One way to answer these questions is to study people’s emotional reactions to subliminal visual stimuli.
If someone is shown an upsetting picture normally, so that you can consciously see it, they’ll show emotional arousal that can be measured by recording physiological reactions such as your heart rate or galvanic skin response.
In fact, subliminal visuals such as photographs can also produce very distinct emotions. In various studies, flashing disgusting pictures subliminally increased participants’ feelings of disgust, and flashing subliminal frightening pictures increased participants’ feelings of fear.
Learn more about if subliminal messages affect behavior.
The Department Head and the Pope
The effects of subliminal visual stimuli can go beyond simply making people feel good or bad. In one well-known study, graduate students at the University of Michigan were presented with either a photograph of their scowling department head or a photograph of a smiling person.
These pictures were flashed for only two milliseconds—two!—that’s 2/1000’s of a second, and none of the participants reported seeing anything when they were asked. Then the graduate students evaluated one of their own research ideas, rating how original and important the idea was.
Results showed that the students rated their research ideas significantly more negatively if they had been exposed to the disapproving scowl of their critical department head than if they had been exposed to the smiling face of the other person. A 2-millisecond flash of a photograph that they didn’t even see influenced their ratings of themselves and of their research ideas.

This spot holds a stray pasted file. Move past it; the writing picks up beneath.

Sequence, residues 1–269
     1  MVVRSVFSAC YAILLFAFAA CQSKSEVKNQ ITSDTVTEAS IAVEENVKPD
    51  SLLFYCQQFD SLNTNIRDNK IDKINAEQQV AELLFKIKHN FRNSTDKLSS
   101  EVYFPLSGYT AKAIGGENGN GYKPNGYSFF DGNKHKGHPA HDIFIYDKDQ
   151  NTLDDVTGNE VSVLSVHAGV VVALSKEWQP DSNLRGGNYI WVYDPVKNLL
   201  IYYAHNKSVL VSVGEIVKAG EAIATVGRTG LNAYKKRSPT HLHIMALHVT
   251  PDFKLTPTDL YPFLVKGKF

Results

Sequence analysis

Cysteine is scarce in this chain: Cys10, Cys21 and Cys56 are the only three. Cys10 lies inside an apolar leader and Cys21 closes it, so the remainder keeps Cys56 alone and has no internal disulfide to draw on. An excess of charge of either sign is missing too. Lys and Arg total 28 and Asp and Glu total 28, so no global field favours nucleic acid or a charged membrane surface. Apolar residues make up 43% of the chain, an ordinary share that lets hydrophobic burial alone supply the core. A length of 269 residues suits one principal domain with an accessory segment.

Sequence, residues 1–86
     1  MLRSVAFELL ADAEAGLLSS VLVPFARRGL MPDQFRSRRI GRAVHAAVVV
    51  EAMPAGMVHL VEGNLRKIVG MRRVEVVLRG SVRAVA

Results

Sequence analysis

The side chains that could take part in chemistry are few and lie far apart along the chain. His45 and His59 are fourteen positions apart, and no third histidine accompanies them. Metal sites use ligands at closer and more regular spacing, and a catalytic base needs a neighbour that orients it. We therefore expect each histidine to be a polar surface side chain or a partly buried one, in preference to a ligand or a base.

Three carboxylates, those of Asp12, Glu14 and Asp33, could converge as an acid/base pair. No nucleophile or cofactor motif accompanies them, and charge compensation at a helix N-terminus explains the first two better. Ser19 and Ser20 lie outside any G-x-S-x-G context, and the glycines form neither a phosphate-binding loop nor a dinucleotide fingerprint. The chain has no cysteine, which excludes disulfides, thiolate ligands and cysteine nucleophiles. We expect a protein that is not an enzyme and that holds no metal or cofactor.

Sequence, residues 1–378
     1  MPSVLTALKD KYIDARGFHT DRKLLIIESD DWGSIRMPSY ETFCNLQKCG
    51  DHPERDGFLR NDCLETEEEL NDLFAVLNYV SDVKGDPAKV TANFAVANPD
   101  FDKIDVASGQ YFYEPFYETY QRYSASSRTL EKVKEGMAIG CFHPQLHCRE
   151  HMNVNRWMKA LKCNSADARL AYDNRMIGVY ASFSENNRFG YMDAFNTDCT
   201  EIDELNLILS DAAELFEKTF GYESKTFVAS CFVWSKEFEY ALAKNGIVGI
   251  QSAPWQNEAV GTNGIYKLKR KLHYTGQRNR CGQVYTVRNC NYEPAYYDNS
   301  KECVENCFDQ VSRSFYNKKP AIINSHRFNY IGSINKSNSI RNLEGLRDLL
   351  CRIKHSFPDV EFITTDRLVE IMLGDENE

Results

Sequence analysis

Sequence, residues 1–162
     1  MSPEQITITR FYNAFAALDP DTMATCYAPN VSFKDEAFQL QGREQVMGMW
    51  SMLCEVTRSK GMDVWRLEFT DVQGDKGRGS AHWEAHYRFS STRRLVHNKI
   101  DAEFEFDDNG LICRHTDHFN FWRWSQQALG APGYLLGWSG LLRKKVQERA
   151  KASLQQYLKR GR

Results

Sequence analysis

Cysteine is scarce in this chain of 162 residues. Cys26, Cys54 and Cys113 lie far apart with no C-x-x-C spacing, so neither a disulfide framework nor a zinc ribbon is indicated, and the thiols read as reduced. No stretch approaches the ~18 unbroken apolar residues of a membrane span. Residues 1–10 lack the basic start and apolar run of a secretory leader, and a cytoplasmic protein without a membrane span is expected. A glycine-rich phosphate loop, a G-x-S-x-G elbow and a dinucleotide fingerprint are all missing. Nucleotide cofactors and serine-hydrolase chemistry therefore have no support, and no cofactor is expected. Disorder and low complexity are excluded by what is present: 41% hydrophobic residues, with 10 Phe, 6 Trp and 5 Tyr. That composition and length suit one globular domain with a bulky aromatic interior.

In a related study, Catholic women at a Canadian university received subliminal visuals of a photograph of either the Pope, or another person they didn’t know.
The results of that study showed that women who reported that they practiced their religion on a regular basis rated themselves less favorably when the Pope’s picture had been subliminally shown to them. But their self-ratings were not affected when they saw the picture of the other, unknown person.
These two studies make a couple of important points. First, subliminal visual stimuli are processed at a pretty deep level. That is, even though participants didn’t consciously see the pictures, their brains could extract the identity of the person in the picture and even the nature of his facial expression. And second, subliminal photographs can affect not only our emotions in general, but also how we evaluate ourselves.
Common Questions about Visual Subliminal Stimuli
James Vicary claimed that he was able to increase Coca-Cola and popcorn sales in a movie theater by flashing subliminal visuals up on the screen telling the people in the audience to drink Coca-Cola and eat popcorn. Vicary claimed that he was able to increase popcorn sales by 58 percent and Coke sales by 18 percent.
A subliminal visual stimulus is a stimulus, such as a photograph or a written word, that we cannot consciously perceive.
There’s no question that we are affected by things that we aren’t consciously aware of. You are certainly not aware of the processes inside your brain that led to your thoughts and behavior.
Studies on subliminal visual stimuli indicate two things. First, visual subliminal stimuli are processed at a pretty deep level. And second, subliminal photographs can affect not only our emotions in general, but also how we evaluate ourselves.